The Biden administration says it's hunting for destructive computer code or malware; it believes China has hidden deep inside networks controlling power grids, according to theNew York Times.
The discovery raises suspicions that hackers acting on behalf of the People’s Liberation Army have embedded malware designed to disrupt U.S. military operations in the event China were to invade Taiwan.
"So if it's not just localized and if it's a deep infiltration and it's utilized in that way, you can imagine the banking system or the power grid going down nationally or the water systems being ineffectual nationally, and that could obviously disrupt operations at home, not just for the purposes of slowing us down in response but actually taking us out of the game altogether, unable to resupply our forces and the like," said Jamil Jaffer, former counsel to the U.S. Senate Foreign Relations Committee.
Earlier in May, tech giant Microsoft warned that hackers likely acting on behalf of China targeted U.S. military assets on the island of Guam, seeding harmful computer code in communications infrastructure.
"It was referred to as a vault typhoon. And obviously, this raises some concerns about how deep in are the Chinese in our systems. Are they in just military systems? Are they just in that region? Is it spread more broadly across the country, other military bases overseas, or in the United States?" said Jaffer.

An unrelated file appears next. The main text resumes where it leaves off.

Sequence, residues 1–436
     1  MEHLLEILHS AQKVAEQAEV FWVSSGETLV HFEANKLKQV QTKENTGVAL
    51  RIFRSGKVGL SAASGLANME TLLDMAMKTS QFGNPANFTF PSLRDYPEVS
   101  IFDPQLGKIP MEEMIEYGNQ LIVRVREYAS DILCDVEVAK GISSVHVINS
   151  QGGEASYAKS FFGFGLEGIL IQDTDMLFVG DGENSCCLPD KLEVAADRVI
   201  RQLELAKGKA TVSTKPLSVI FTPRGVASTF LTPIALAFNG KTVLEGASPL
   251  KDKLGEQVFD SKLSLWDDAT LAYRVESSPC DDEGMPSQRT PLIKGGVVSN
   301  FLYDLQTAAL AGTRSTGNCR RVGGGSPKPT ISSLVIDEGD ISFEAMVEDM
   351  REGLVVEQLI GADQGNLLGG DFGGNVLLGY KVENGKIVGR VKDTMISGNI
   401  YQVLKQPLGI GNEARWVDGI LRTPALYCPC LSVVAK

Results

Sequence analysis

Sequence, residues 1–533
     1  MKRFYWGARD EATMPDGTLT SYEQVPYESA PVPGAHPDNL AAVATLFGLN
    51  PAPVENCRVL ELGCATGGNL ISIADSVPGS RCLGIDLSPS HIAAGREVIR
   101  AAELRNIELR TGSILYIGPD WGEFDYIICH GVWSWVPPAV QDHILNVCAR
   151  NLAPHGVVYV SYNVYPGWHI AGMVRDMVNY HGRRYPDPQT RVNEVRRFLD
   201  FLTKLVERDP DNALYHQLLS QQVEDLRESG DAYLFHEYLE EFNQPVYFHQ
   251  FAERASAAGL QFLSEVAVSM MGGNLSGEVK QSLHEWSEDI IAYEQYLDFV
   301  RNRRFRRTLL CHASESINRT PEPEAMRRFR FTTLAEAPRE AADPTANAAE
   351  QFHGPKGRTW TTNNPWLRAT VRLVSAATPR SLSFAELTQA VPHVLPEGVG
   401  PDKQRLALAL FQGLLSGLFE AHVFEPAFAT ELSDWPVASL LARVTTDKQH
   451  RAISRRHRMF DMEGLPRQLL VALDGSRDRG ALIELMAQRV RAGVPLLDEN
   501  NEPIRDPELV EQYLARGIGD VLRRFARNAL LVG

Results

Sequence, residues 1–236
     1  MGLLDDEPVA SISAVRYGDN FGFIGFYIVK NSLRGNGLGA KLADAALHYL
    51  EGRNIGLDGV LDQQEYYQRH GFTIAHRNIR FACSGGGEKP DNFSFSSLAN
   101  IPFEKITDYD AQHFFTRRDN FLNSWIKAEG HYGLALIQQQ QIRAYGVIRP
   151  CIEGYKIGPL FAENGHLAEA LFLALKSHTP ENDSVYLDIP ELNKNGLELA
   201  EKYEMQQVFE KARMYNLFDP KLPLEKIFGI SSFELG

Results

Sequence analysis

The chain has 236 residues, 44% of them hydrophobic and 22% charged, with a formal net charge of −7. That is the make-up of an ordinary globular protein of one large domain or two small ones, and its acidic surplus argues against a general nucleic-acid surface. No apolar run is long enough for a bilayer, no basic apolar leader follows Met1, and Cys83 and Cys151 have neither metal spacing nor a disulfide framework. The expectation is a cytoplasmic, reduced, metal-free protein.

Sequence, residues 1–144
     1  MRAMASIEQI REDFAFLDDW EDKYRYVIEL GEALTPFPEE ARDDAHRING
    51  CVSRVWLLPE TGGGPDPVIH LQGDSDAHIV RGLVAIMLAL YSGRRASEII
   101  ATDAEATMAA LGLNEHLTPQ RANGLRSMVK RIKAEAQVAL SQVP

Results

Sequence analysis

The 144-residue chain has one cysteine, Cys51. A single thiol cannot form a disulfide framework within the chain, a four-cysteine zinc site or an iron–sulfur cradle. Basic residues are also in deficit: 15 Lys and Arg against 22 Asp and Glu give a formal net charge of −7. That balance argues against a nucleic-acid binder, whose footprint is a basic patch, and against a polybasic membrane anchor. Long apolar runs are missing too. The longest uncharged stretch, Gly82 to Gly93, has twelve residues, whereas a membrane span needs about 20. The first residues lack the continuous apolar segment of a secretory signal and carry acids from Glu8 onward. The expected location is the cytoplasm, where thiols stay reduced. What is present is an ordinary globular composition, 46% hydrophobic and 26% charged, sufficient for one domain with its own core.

The news about the malware adds tension to an increasingly fraught U.S.-China relationship, with clashes that include increasing threats towards Taiwan and American efforts to ban complex semi-conductor sales to China.
The U.S. has also blamed China for other major infrastructure computer hacks as well as accusing the foreign power of spying on the continental U.S. with school bus-sized balloons.
For its part, China accused the U.S. of hacking into its telecom giant, Huawei.
The U.S. recently reiterated its commitment to defending Taiwan, the island nation off the coast of mainland China. Taiwan recently held military exercises.
"With respect to Taiwan, you know, the capability that we are providing them is defensive capability, as you know, in accordance with the Taiwan Relations Act. We are committed to helping them get the capability they need to defend themselves. And so, this is no change from what we've done in the past," said Lloyd Austin, U.S. Secretary of Defense.
China regards Taiwan as a rogue province and a constant source of tension between the U.S. and China. Two nations that are trading partners and, at the same time, increasingly wary adversaries.
In response to the New York Times article, the Chinese embassy in Washington reacted with dismay, denying it engages in hacking and calling the United States a far bigger offender.
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